How can resistance affect your recovery?
Many people in early recovery are resistant to the concept of powerlessness and turning over their life to a Higher Power. Imagining a lifetime of living clean and sober and working a Twelve Step program may be beyond what you can fathom right now. Admitting powerlessness is hard because you are giving up the hope that you can ever drink or use drugs again. This is why you keep fighting instead of surrendering.
It’s not easy to accept that you are powerless. But it’s the first step to recovery. Once you accept the disease, you can then get down to the work of recovery.
If you resist turning your life over to a Higher Power it may be because as an addict you have often put your “faith” in the wrong things (drugs, alcohol, using friends, your self-will) because of your illness. You may have tried to “play God,” believing you had the ultimate plan for yourself and for others. Your quest for power and control may have temporarily crushed your spiritual nature.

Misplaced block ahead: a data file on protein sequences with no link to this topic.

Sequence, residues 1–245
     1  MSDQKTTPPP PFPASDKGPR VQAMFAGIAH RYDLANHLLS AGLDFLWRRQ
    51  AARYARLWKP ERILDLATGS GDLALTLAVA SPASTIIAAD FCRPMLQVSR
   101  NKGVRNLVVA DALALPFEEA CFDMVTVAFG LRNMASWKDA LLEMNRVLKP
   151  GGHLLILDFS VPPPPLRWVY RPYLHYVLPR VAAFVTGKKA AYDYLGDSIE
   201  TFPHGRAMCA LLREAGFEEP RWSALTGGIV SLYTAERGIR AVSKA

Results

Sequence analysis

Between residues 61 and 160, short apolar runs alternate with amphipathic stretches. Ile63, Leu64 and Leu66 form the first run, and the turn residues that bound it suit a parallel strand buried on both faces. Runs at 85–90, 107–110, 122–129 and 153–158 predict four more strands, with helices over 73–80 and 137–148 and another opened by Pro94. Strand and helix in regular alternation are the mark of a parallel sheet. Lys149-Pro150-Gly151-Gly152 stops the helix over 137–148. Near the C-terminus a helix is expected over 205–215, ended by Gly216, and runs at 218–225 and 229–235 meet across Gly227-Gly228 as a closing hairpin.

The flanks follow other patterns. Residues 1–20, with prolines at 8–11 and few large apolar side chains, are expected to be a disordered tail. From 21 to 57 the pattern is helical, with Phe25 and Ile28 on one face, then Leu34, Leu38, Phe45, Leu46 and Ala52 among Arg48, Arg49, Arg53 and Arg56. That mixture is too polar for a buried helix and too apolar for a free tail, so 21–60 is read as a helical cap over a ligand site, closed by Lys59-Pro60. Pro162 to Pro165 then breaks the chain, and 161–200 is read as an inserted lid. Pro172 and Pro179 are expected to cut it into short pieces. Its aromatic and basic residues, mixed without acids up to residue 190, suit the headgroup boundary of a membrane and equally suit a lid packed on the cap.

If you hold on to resistance, you may remain as spiritually bankrupt as you were in your using days. You could return to your old behaviors and, ultimately, chemical use.
Members of Alcoholics Anonymous often describe the Twelve Steps of AA as a spiritual path. If you let go of resistance and embrace the Steps, they will take you on a lifelong journey of recovery. Each Step leads you to the next. Steps One through Three prepare you, Steps Four through Nine transform you, and Steps Ten through Twelve sustain you.
People can also be resistant to the idea that recovery involves relationships with others and active membership in a Twelve Step group. Many of us drank and used other drugs in isolation. The way of healing from addiction is in reaching out to others for help and support. We were not meant to work a recovery program alone.
Resistance to attending meetings, getting a sponsor, and making friends in recovery can be a big setup for failure. You need to push yourself through the resistance and do it anyway. “Fake it till you make it!”
Others too may resist your recovery, particularly those you’ve used with in the past. When you start working an active recovery program, you will find yourself changing, and not everyone will like those changes. Making hard decisions about the people you allow in your life can be one of the greatest challenges in early recovery, but it is crucial to your success.
In early recovery, it’s best to stay away from those who are resisting the positive changes you are making. If they are people you can’t distance yourself from (such as a spouse or significant other), lean heavily on your sponsor and friends in recovery for support.